A presentation by Steven Wheeler (Plymouth University) on self-organization and learning included a diagram that brought individual reflection via blogs into collaborative community via wikis. This intersection between the individual and collective was pointed out again during a recent dialogue hour hosted by the Opens Space Workshops for Scientific and Social change. This jumpstarted some thinking on my part about the 119 Gallery as a space that creates a similar intersection between individual creative visions and practices and a larger audience of community members.
While many may view galleries and performance spaces as a location of exchange between artists / producers and their audiences / consumers, the 119 Gallery actually exists as a space where creators and patrons come into communion with one another. Rather than exchange (which is the dominent concept of a “creative economy”) a new set of social and creative processes are formed within the context of this ever evolving creative space. Producers and consumers may enter, but through participation the roles and boundaries between these entities begin to blur.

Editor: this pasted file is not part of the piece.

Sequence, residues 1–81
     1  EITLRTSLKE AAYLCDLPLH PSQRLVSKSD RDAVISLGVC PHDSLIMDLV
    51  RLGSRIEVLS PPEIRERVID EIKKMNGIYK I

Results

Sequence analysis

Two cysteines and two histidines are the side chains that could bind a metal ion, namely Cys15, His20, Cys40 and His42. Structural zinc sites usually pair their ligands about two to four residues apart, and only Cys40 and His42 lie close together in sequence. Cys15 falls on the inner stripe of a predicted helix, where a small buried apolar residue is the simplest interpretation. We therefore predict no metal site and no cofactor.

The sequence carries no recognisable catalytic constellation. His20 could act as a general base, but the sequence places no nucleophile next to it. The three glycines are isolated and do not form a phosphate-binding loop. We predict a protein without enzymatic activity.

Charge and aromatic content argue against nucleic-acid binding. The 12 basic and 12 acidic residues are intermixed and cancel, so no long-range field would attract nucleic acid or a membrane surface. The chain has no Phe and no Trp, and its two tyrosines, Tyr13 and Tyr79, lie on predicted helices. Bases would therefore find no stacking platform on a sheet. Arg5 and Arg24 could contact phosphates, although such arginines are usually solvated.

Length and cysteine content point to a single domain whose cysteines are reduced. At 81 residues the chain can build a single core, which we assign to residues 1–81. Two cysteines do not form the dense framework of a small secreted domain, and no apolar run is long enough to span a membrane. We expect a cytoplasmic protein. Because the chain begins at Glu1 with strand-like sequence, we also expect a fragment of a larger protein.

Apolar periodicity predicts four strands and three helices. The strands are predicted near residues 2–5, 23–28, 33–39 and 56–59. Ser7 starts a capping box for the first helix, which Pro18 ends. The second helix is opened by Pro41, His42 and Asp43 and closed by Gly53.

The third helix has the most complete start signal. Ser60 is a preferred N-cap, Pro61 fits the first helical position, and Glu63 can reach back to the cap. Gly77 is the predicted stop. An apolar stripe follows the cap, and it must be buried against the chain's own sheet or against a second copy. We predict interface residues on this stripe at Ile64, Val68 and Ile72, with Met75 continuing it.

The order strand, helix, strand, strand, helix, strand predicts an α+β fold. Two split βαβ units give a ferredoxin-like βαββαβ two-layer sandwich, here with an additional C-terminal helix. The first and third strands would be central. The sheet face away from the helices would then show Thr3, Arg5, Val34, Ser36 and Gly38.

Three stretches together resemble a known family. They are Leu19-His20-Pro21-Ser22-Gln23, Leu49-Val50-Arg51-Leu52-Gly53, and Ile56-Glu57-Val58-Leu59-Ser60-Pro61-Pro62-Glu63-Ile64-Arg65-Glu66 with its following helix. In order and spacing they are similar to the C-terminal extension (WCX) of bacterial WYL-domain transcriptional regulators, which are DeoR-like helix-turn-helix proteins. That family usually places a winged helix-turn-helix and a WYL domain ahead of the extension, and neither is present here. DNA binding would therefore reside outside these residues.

It is not uncommon for an individual within this space to find themselves moving and revolving between multiples roles and responsibilities. The audience member becomes creator, the creator becomes audience and all have the opportunity to become architects / convenors / curators and producers of new formulations and articulations of the space. They also are invited to craft the supports for its operation.
Eric S. Raymond’s seminal book The Cathedral and the Bazaar explored the value of open source software development (the Bazaar) when compared to the centrally controlled processes of proprietary projects (the Cathedral). While much of the thinking done by Raymond and others resonates with a space like the 119 Gallery, the still dominant language of the market and exchange don’t quite capture what a creative space like the 119 is all about. And there are aspects of a “church” or a coming together or “communing” that are more exact.